‘Moment of Crisis’ in Eastern Europe: Biden and Putin to Speak Again; Second Time in Three Weeks

By Patrick Goodenough | December 29, 2021 | 6:05pm EST
President Biden meets with Russian President Vladimir Putin in Geneva last June. (Photo by Brendan Smialowski /AFP via Getty Images)
President Biden meets with Russian President Vladimir Putin in Geneva last June. (Photo by Brendan Smialowski /AFP via Getty Images)

(CNSNews.com) – As a year marked by a late escalation in tensions between Moscow and the West draws to a close, Presidents Biden and Vladimir Putin will speak by phone on Thursday, amid the Kremlin’s stepped-up demands for an end to what it sees as threats posed by NATO.

“Russia has put its concerns on the table and we are prepared to discuss them,” a senior administration official said in a background briefing on the call. “The United States and our allies and partners will put our concerns on the table and expect Russia to be prepared to discuss them as well.”

The call, requested by Putin and their second in just over three weeks, will cover topics including “upcoming diplomatic engagements.”

According to the senior administration official, these will include bilateral strategic stability talks in Geneva, a NATO-Russia Council meeting in Brussels, and a meeting of the Vienna-based permanent council of the 57-member Organization for Security and Co-operation in Europe – a grouping to which Russia, Ukraine, and the United States all belong.

All three meetings are scheduled to take place during the second week of January. The U.S. will be represented at the bilateral Geneva talks by representatives of the NSC and Departments of State and Defense.

Putin’s stated concerns deal primarily with NATO’s eastward expansion, and the presence of weaponry and the holding of military exercises on the territory of NATO’s “eastern flank” allies. Russia’s foreign ministry this month drew up two draft agreements between Russia and the U.S and NATO, outlining security guarantees that it wants from the West.

The West’s concerns focus on Russia’s ongoing intervention in Ukraine, its amassing of troops near Ukraine’s borders and fears of a potential further invasion, and its leveraging of energy supplies to Europe for political purposes.

“I think both leaders believe that there is genuine value in direct leader-to-leader engagement, that we are at a moment of crisis and have been for some weeks now, given the Russian buildup, and that it will take a high level of engagement to address this and to try to find a path of de-escalation,” the administration official said.

The U.S. has formulated its positions, but will not be issuing a draft document as the Russians have done.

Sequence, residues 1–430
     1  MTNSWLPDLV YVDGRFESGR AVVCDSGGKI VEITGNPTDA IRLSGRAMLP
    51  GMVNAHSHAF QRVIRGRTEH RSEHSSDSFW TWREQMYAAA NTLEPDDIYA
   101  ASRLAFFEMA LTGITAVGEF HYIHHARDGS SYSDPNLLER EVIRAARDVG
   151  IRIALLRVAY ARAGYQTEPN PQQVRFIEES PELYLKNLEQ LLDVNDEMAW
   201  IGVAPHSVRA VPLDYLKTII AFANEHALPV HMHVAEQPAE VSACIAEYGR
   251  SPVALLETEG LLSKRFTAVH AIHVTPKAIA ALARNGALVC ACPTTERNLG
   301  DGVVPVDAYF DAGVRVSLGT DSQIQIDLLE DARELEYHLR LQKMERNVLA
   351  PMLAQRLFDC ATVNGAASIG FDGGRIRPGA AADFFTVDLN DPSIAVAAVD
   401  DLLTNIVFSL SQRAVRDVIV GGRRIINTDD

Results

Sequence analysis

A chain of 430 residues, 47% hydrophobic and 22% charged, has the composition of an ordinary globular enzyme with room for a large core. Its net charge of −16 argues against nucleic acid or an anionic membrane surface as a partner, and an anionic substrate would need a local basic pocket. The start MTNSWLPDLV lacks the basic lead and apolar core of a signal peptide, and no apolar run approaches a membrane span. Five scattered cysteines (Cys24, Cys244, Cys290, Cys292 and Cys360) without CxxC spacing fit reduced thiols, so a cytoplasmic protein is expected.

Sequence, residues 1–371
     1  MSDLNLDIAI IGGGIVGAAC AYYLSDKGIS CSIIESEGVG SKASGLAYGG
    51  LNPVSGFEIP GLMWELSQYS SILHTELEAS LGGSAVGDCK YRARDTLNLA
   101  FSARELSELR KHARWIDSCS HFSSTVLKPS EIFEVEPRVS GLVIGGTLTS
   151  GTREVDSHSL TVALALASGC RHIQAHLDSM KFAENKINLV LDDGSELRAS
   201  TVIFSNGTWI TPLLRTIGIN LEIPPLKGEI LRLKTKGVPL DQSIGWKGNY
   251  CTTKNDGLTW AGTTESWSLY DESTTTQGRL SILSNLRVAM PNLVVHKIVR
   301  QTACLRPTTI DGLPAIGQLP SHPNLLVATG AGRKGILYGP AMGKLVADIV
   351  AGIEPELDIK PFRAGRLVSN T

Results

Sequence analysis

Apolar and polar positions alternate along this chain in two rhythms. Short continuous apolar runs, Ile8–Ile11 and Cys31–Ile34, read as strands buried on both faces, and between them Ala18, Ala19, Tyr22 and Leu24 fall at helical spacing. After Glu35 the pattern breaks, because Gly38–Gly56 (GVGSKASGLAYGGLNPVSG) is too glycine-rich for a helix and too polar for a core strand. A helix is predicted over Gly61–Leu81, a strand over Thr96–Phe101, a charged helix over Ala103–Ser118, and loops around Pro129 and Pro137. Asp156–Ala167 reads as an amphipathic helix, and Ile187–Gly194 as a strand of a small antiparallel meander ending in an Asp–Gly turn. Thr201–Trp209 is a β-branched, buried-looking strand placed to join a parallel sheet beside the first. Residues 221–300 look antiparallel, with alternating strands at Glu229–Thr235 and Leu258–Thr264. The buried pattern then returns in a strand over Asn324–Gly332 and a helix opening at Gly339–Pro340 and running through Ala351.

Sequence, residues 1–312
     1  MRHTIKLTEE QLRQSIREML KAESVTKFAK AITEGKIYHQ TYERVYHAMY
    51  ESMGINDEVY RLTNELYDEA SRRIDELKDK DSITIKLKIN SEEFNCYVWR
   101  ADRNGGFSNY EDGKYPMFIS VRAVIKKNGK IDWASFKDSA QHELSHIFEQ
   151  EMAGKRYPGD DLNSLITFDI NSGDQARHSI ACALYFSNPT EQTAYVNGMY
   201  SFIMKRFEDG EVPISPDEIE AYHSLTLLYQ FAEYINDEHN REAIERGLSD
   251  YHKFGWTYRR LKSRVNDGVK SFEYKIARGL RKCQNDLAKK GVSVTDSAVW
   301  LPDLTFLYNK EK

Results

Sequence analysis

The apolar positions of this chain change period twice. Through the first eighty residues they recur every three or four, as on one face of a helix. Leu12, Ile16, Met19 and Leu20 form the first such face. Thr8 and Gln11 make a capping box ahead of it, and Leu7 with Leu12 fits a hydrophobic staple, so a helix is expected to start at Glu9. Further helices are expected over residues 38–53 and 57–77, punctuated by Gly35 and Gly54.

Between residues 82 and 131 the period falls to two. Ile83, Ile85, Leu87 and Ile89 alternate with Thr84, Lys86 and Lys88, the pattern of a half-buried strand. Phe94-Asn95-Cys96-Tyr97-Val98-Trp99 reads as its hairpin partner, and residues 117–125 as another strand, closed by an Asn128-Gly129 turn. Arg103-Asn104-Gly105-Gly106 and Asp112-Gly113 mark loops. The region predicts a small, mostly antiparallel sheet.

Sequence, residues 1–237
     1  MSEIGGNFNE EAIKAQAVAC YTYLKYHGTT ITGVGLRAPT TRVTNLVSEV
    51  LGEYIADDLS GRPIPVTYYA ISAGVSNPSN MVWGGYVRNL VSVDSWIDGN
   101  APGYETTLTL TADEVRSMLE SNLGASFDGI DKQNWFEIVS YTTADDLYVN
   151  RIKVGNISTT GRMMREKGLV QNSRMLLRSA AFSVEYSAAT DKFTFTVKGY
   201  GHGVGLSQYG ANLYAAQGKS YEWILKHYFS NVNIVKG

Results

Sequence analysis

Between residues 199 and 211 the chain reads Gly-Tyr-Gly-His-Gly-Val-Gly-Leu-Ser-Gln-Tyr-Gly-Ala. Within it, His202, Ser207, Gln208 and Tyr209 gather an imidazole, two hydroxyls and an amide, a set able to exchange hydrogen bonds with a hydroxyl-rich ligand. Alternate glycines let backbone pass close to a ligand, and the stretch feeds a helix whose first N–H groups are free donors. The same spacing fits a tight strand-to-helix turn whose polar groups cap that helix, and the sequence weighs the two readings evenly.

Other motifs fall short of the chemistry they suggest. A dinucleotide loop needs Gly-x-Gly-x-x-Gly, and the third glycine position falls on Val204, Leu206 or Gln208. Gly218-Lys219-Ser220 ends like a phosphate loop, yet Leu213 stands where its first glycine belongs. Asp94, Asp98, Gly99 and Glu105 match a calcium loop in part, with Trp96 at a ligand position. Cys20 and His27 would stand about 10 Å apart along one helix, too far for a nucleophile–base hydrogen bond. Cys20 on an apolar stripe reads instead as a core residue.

“This dialogue should, and we expect will, proceed on the basis of reciprocity,” the official said. “There will be topics where we can make meaningful progress and topics where we will have differences. That’s in the nature of diplomacy.”

The official reiterated the administration position that nothing that affects Washington’s allies and partners in Europe will be discussed without the input of those allies and partners. 

“President Biden will make clear when he speaks with President Putin that we will continue to coordinate closely with our allies and partners on all of these matters. And we will proceed on the principle of ‘nothing about them without them.’”

As the administration has repeated several times in recent weeks, the official said the U.S. sought a “diplomatic path to deescalating tensions in the region,” but that a Russian invasion would attract unprecedentedly tough sanctions, further steps to fortify allies on NATO’s eastern flank, and the supply of additional defensive equipment to Ukraine.

In a phone call with Ukrainian President Volodymyr Zelensky on Wednesday, Secretary of State Antony Blinken reaffirmed U.S. support for his country’s “independence, sovereignty, and territorial integrity in the face of Russia’s military buildup on Ukraine’s borders,” said State Department spokesman Ned Price.

Blinken also consulted Wednesday with his British, French, and German counterparts.

The Russia-U.S. and Russia-NATO draft agreements drawn up by the Russian foreign ministry include a demand for an end to NATO’s enlargement, with Ukraine joining the alliance definitively ruled out.

They also call for an end to “any military activity” by NATO in Ukraine, the South Caucasus and Central Asia, as well as in “other states in the Eastern Europe.”

Russian officials from Putin down have warned that failure to resolve Moscow’s concerns could prompt a “military-technical” response.

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